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Saturday, August 06, 2011

Saturday Morning - The Smurfs

You know, I was planning on making this an elaborate entry filled with lots and lots of trivia bits, videos, and psychobabble, but instead, I'm going to make this entry short and sweet.

It has nothing really to do with my like or dislike of the Smurfs.  Truth be told, I loved the little blue guys.  The reasons behind the short blog entry for today are strictly personal.

Until recently, right after I posted my entry on Homer Simpson, my Internet connection was lost for a day and a half, and it just now finally came back up.  So, part of the reason why I'm cutting this entry short is because I wanted to make sure that I made my quota of posting one blog entry a day.

I'll make up for it on tomorrow's blog, I promise.

For now, let's talk Smurfs.

Although everyone's first chance meeting with the Smurfs was probably the cartoon series, which aired on NBC from 1981-1989, the Smurfs were created 53 years earlier, on October 23, 1958.

Originating from Belgium, cartoonist Pierre Culliford (who went by the pen name of Peyo) came up with the idea of the Smurfs in a rather unusual way.  He was having dinner with a friend at the Belgian coast and he had wanted his friend to pass him the salt.  For some reason, when Peyo asked for the salt in French, he said to pass the schtroumph.  His friend found it amusing and replied back that when he was done schtroumphing to schtroumph it back.

And, so that's how the name began.  Eventually, the word schtroumph was translated to the word Smurf in the Dutch language, which was adopted into the English language as well.

I could go on and on about all the individual Smurfs, and all the character traits that they were famous for...but considering that there were well over ninety-nine different Smurf characters created, it would take me forever to talk about, so I'll just bring up a few.

Certainly, everyone knows about Papa Smurf, who is the leader of the Smurf community, and who happens to be one of the very few Smurfs to wear red clothing, as opposed to the basic white.  Then there's Smurfette, who happens to be one of the only female Smurfs in the whole community.

That had to make for some awkwardness.

Most of the other Smurfs were named after their personalities, and how they managed to fit those personalities.  You had Clumsy Smurf, who could barely walk in a straight line without breaking something or getting hurt.  There was Painter Smurf and Poet Smurf, two of the more artistic Smurfs in the whole community.  Lazy Smurf really needs no description.  As for Jokey Smurf, well, you can see him in action in this video.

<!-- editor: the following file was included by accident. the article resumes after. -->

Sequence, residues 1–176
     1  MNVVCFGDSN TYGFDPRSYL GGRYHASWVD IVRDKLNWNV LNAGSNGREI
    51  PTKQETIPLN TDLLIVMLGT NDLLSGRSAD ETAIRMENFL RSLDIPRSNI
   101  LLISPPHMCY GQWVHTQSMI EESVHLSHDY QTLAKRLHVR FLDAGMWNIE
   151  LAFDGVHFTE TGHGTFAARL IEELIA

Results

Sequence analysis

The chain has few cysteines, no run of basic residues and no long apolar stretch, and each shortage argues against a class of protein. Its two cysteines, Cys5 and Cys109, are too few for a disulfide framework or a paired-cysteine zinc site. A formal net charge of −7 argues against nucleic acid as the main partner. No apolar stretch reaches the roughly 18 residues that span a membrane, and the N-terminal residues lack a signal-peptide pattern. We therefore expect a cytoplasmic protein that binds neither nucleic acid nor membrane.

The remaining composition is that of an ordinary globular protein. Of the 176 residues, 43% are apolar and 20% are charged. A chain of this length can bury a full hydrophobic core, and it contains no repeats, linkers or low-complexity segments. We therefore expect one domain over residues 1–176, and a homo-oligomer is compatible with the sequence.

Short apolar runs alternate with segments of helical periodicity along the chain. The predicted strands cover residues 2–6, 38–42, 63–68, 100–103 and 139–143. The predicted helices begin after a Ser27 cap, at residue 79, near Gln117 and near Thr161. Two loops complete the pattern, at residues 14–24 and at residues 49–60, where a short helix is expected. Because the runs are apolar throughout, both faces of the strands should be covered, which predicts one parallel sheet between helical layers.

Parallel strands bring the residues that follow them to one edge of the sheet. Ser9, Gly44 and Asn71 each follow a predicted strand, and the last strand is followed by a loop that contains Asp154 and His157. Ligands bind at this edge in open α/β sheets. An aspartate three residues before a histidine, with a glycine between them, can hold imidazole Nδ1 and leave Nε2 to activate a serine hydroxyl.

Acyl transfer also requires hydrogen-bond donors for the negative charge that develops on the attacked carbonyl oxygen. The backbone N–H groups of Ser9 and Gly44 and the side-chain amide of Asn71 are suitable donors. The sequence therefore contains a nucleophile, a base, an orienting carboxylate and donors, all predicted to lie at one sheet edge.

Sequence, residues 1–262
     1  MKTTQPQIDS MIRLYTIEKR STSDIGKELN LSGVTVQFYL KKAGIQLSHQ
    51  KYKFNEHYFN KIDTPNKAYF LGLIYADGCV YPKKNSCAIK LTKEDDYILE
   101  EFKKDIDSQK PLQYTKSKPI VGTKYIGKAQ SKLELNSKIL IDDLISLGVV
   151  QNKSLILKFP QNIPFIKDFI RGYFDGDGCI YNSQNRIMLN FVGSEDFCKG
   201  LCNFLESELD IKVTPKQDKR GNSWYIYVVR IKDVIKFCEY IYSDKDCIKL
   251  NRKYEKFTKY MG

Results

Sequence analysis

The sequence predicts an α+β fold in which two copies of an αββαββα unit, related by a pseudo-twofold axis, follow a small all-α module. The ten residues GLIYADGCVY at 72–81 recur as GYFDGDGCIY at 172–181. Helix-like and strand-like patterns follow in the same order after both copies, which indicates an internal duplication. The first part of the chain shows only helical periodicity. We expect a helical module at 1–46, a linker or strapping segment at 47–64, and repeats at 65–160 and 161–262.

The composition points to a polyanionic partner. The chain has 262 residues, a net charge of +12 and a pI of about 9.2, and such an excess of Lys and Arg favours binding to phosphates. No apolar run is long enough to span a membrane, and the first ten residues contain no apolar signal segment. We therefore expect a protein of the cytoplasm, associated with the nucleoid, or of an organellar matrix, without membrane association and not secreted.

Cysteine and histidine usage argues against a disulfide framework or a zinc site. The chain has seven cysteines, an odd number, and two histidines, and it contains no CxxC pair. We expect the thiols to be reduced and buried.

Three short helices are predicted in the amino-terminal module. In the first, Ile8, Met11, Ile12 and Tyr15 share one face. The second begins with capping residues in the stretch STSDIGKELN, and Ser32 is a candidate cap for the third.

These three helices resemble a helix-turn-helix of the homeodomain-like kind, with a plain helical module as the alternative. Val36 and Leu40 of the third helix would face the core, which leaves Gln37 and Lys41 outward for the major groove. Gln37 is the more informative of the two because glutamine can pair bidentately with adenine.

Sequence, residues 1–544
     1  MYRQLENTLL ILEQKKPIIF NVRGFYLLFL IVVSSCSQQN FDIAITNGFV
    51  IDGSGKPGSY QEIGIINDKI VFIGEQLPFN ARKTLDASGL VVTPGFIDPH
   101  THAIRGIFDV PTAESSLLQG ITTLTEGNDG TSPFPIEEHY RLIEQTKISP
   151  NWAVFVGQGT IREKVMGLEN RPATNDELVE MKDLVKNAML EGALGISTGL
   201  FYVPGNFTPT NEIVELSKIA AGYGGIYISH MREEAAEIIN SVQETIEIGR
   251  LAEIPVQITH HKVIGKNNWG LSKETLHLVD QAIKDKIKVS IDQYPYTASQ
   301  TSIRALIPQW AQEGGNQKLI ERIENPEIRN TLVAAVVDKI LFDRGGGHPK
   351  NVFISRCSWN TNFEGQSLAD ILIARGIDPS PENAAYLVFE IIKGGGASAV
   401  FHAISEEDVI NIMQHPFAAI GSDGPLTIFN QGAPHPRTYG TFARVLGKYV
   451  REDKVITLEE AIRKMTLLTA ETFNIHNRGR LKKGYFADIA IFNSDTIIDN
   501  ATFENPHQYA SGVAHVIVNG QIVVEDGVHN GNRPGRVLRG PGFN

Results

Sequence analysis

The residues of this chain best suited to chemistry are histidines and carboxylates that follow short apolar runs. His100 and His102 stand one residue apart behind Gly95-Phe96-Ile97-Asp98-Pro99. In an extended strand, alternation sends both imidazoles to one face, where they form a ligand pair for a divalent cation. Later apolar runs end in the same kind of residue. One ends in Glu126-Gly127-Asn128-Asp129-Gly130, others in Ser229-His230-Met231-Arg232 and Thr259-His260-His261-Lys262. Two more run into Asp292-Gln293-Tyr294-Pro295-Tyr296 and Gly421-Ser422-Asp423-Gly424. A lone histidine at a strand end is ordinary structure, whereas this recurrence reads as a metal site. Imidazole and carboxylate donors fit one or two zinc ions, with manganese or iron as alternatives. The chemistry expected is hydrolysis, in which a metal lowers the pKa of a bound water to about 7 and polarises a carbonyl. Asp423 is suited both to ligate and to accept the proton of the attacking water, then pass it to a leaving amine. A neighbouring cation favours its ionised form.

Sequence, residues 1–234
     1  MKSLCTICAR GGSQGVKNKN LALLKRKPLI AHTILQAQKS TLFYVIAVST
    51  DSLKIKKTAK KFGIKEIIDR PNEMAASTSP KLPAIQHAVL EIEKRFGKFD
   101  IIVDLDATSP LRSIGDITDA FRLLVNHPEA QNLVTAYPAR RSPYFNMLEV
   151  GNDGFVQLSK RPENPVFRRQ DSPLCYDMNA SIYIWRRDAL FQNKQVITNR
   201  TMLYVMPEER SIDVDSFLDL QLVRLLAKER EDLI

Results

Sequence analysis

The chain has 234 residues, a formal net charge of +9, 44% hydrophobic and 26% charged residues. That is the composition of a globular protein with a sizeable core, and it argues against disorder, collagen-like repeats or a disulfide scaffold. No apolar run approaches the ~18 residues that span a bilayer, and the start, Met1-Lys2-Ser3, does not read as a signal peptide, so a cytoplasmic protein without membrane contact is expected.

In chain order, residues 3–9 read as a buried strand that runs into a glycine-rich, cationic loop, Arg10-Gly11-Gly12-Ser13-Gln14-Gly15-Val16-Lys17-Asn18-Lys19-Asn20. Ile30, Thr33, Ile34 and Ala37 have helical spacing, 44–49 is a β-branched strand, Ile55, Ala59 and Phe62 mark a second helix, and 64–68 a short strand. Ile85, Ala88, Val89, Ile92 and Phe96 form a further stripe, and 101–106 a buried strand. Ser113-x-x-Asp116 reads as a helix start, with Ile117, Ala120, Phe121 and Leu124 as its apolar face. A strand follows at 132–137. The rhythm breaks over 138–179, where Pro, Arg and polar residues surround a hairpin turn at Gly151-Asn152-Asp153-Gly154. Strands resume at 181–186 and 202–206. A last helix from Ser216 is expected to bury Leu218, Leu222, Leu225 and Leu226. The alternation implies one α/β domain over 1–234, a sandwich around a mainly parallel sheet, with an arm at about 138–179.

Personally speaking, I would say that I am a combination of Brainy, Poet, Painter, and Jokey all rolled into one.  Intelligent, artistic, crafty, and with a sense of humour.

Though, I'd never send anyone a package with explosives inside of it, because we all know how well it worked out for the Unabomber.

The Smurfs were not without controversy though.  It has been suggested by a couple of writers that because the Smurfs all work together to earn a living and how they run the Smurf village, that the Smurfs have been accused of being communist figures.  One person even took it one step further, and accused the Smurf community as a totalitarian and racist utopia.  Allegations that the son of the creator of the Smurfs, denies.

Regardless of what your feelings are about the Smurfs, they certainly have made their mark on pop culture.  I can remember going to my first grade classroom for Show and Tell, and at least one kid in the class would bring in a Smurf doll.  Usually either Papa Smurf or Smurfette.

Personally, I would have rather had a Gargamel doll, and I know it sounds really strange to admit that, because Gargamel was supposed to be the main antagonist against the Smurf community, but I don't care.  I always kind of liked the guy, and I think that was part of the reason why I adored watching the Smurfs cartoon.  It was nice to see the Smurfs get their way most of the time, but Gargamel was quite hilarious to watch at times.  I'll admit it.

And, speaking of Gargamel, while I haven't seen the live-action film of the Smurfs that came out a few days ago, I did see the clip of Hank Azaria playing the role of Gargamel inside of it.  First off, kudos to make-up and costume designers.  He looked so much like Gargamel, it was unbelievable.

It's hard to say how well the Smurfs will do in the box office, but at least it's nice to know that a new generation of kids will be introduced to the Smurfs.

Here's the trailer for the movie.  Judge for yourselves.

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